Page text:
An anti-inflammatory diet is recommended to people to prevent different health issues from arising or as part of a treatment regimen for a range of chronic conditions, from a permeable gut (leaky gut) to chronic back pain.
However, there are few research-backed resources available that can guide people on what an anti-inflammatory diet actually consists of.
Luckily, some researchers have developed important resources for health professionals to help guide their clients and patients on making dietary and lifestyle choices that fight against inflammation and could have a significant positive impact on their health.
Making anti-inflammatory dietary choices shouldn’t be confusing or complicated. At AFPA, we’ve reviewed the most up-to-date research and resources available on anti-inflammatory diets to empower coaches and clients alike.
In this article, we provide you with information about inflammation in general and guide you through easy-to-understand and transferrable resources that can help you promote the health of your clients.
What Is Inflammation?
Inflammation is the immune system’s natural response to an irritant. An irritant could be bacteria that enters the body through a wound, a splinter, or effects of chemicals in the body.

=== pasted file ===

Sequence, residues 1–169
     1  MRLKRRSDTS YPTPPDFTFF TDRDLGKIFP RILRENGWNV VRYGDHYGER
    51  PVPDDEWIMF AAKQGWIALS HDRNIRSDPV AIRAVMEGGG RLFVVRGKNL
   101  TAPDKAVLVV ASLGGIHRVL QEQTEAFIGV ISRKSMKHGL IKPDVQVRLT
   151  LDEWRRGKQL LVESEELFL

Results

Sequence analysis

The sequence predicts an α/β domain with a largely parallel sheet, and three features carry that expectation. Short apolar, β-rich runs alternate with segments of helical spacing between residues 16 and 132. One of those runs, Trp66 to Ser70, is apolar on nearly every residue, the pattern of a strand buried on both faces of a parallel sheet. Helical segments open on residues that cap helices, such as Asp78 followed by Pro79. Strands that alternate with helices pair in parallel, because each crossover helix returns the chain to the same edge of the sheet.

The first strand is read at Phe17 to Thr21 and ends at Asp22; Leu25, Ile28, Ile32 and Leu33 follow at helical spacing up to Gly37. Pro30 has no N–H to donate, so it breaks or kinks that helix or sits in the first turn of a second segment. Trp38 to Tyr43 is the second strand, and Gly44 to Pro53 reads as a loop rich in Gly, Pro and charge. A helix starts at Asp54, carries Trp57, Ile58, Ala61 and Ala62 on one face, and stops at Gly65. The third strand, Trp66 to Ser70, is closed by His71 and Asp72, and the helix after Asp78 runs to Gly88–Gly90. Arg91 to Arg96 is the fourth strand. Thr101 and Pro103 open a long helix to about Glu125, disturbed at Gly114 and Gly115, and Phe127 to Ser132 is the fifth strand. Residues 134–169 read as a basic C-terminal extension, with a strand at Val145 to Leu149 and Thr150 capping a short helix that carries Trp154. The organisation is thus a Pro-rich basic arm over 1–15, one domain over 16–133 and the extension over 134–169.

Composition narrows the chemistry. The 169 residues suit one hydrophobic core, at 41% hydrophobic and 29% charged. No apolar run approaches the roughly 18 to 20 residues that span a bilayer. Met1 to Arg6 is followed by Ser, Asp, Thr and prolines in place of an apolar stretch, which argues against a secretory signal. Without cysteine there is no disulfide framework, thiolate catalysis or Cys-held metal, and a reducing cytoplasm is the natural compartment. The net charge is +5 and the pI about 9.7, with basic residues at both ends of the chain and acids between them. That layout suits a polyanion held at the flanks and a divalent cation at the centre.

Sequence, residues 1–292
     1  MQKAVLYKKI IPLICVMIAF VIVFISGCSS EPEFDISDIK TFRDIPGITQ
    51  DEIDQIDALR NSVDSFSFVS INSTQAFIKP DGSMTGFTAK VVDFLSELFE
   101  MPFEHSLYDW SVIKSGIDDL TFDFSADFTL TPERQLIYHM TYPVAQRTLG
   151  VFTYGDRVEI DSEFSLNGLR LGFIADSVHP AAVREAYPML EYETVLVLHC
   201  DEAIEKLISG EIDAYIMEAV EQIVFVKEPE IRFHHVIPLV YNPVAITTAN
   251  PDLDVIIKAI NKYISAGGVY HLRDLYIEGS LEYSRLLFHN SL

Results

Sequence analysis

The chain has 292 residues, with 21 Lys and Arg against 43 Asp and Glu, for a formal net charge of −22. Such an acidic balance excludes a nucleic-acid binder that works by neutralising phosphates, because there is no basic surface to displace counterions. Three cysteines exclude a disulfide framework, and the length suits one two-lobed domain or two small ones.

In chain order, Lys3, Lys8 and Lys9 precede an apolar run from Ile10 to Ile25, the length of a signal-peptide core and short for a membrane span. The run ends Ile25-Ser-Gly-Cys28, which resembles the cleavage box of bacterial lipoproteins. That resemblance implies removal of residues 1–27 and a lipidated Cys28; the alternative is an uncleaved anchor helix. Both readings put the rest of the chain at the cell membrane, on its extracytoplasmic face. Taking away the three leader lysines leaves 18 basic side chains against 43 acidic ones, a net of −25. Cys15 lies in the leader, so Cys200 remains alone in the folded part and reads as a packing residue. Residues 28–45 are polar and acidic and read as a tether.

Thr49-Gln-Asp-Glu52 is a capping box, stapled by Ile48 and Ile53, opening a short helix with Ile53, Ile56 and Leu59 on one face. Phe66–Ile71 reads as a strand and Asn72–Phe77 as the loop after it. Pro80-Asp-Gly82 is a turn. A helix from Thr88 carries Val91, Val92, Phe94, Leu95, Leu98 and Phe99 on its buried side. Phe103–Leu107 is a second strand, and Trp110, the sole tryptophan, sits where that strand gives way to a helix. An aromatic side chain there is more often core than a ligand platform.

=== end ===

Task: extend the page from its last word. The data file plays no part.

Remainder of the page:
When the irritant enters the body or the irritant is detected by the body, the area will become inflamed as immune system cells and chemicals rush to the area. Depending on the type of irritant that is detected, different cells may be involved.
Some of the cells involved in immune system response are macrophages, neutrophils, and lymphocytes. These cells release different inflammatory mediators, like the hormones bradykinin and histamine, pro-inflammatory cytokines, and vasoactive amines and peptides (protein building blocks).
What is important to know about the substances mentioned above is that they cause the blood vessels to dilate. Dilation allows more blood to reach the tissue, meaning that substances that can help defend the body from infection or injury can reach the area faster.
As a result, the area becomes red and inflamed, and, if the injured area is close to the surface, it becomes hot. The chemicals that are released also release pain signals to the brain. If an area hurts, you will naturally try to protect it from further injury.
If the immune system is successful at protecting and healing the area, inflammation will go down and the area will no longer hurt.
However, in some cases, inflammation is not helpful to the body. Some conditions, called autoimmune diseases or chronic inflammatory diseases, attack the body’s cells by mistake. This causes inflammation that is harmful to the body. Some of these diseases include rheumatoid arthritis, psoriasis, and inflammatory bowel diseases like IBS and Crohn’s disease.
In other cases, chemicals that circulate in the body due to lifestyle choices and emotions are recognized by the body as irritants and will have an inflammatory response until the chemicals are no longer circulating in the body.
Chronic inflammation is also called non-resolving inflammation.
Types of Inflammation